SherpaPharma process

Microbiological monitoring: elements to consider

The microbiological quality control strategy of a pharmaceutical manufacturing facility relies on different factors:

  • The regulatory environment:

    What regulations do apply to our case? It is relevant to consider which criteria could be used to evaluate our company during an audit. Are all the kinds of pharmacopoeia equivalent (USP, EP, JP)? In some cases, there are significant differences between the mandatory rules to comply depending on the regulatory authorities. In this regard, adopting requirements that comply with the different regulatory authorities, instead of focusing in a particular regulatory environment, could be an interesting strategy, thus making our company less susceptible to the violation of the rules in any regulatory workframe.


  • The facilities:

    Where do we want to apply the environmental monitoring process? Is it a new facility or an already functional working space? The historical state of the facilities affects not only the definition of the sampling points but our criteria to set the alert and action levels for these points. So, taking into account which would be the future workplace to monitor could hugely assist us in the planning of the whole process.


  • Contamination risk: workplace.

    What are we using our cleanrooms for and which is the personnel and material flow in them? Which is the microbiological quality expected from the product or process realized in there? The control strategy must be defined by considering the risk of the end user, for which it is of vital importance to analyze the risk of a product contamination during the manufacturing process, and thus trying to minimize it to the lowest possible levels from the very start (quality by design).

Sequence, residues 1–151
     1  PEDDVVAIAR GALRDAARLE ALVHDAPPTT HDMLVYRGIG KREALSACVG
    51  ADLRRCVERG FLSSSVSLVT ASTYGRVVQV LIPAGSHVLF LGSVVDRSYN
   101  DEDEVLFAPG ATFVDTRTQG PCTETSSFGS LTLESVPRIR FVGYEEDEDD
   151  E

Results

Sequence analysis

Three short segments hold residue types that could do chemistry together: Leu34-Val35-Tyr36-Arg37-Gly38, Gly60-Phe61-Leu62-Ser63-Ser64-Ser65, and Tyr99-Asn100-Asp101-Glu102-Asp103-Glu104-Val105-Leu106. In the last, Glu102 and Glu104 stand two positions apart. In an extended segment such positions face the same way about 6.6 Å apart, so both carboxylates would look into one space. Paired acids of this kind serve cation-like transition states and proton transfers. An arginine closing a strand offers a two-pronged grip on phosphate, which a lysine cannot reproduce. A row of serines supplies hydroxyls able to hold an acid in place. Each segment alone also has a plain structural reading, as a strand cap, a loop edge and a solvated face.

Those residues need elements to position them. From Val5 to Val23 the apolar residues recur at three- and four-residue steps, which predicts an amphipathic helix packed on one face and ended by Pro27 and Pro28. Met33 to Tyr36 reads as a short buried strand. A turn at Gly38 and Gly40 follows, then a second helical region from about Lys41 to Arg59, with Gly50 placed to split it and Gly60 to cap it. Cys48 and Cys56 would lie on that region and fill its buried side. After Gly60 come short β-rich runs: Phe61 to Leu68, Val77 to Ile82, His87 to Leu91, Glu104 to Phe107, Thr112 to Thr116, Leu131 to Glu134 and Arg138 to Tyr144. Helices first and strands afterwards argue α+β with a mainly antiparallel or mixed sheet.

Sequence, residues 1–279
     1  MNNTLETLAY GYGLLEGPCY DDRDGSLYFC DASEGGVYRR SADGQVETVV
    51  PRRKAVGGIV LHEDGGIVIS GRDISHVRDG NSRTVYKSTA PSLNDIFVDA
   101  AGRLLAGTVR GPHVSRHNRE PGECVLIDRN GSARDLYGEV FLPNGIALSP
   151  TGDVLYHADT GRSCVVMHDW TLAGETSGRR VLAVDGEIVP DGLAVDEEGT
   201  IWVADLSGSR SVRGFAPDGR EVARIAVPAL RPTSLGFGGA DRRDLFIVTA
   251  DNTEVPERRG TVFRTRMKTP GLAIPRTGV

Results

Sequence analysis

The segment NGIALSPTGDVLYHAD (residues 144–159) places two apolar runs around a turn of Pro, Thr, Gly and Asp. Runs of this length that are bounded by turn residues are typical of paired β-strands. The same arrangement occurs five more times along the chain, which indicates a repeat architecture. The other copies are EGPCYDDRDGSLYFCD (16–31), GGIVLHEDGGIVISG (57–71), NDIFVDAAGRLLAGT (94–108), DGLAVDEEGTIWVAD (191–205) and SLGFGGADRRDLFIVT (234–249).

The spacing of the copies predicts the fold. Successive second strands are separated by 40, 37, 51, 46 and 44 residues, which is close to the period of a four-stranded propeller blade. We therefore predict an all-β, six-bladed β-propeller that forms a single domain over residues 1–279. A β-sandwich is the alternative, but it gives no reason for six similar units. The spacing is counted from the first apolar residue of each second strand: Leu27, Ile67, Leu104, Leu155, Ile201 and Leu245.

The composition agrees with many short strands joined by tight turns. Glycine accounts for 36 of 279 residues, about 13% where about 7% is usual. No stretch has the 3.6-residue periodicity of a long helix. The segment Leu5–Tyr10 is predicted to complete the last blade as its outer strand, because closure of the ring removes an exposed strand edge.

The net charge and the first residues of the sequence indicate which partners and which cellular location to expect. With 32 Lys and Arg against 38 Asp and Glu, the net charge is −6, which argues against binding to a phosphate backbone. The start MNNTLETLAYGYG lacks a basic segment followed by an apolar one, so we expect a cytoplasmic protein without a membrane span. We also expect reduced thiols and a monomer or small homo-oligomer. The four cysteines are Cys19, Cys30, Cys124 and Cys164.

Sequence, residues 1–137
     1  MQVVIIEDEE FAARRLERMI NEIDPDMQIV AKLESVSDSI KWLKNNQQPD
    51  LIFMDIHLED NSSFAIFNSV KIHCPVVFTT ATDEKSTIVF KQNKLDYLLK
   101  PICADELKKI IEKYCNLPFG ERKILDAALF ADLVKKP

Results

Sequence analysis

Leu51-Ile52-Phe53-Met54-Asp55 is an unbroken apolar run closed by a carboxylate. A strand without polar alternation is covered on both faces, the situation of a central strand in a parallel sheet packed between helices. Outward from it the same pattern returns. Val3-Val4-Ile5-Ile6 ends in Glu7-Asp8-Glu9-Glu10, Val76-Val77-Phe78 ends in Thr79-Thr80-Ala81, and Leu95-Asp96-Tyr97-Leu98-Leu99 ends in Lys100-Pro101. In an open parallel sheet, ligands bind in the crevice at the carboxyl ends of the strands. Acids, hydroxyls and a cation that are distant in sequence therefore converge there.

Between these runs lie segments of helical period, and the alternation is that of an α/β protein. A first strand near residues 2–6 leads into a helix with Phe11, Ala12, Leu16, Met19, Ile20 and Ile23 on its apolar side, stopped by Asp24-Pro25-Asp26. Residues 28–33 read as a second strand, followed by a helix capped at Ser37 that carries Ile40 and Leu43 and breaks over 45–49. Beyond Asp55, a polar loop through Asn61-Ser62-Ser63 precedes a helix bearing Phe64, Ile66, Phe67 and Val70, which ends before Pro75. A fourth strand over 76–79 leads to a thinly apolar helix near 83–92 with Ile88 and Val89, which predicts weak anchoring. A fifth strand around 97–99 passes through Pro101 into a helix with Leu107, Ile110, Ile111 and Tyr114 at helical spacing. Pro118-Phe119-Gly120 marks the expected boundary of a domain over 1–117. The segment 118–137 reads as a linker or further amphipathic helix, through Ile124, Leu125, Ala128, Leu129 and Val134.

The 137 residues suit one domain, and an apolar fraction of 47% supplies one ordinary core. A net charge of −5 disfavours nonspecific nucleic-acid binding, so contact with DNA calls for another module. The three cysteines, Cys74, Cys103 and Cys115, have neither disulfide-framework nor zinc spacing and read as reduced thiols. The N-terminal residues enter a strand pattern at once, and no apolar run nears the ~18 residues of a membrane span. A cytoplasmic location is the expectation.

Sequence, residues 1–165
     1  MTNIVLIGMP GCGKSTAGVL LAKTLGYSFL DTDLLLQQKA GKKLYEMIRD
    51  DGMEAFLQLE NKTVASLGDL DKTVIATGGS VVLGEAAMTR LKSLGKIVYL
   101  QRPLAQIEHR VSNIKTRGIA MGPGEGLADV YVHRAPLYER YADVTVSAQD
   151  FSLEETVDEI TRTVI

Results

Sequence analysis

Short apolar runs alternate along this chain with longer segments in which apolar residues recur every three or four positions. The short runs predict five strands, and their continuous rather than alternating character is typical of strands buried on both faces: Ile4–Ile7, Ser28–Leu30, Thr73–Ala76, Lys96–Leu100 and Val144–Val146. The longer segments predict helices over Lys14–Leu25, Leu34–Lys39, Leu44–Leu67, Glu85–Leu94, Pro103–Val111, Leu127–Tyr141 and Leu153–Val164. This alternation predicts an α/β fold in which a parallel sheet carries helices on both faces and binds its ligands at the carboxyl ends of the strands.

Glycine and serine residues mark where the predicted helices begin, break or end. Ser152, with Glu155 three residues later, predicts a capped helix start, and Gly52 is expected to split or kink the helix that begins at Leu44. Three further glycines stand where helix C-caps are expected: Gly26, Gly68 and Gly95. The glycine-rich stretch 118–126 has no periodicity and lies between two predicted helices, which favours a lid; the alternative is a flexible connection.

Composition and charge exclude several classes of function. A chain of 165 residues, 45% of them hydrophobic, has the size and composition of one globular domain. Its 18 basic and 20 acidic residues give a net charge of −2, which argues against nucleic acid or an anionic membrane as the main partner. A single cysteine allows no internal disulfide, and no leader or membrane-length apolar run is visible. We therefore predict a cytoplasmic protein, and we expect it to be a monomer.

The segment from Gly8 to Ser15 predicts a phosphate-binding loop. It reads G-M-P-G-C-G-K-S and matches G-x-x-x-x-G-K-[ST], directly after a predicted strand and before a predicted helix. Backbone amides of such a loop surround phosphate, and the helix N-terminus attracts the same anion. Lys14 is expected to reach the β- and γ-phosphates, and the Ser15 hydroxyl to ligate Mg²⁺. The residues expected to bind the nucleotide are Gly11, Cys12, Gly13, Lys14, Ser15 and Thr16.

• Contamination risk: personnel.

    Another relevant aspect to consider is how close is the working staff to the end product. Considering that people are usually the biggest contamination source, the training of the working personnel and the usage and proper state of the required garments are key points in order to reduce the contamination risk.

In the following articles we will develop the microbiological control factors in a facility further:

  • European regulatory environment. GMP Annex 1. Differences between 2008 and 2018 versions.
  • North American regulatory environment: Guidance for industry and USP.
  • Sampling points design in a new facility.
  • Sampling points design in an already functional working space.
  • Other aspects to consider about manufacturing facilities.
  • Cleaning & disinfection patterns.
  • Contamination control in personnel.


Do you think we are missing any relevant aspect?


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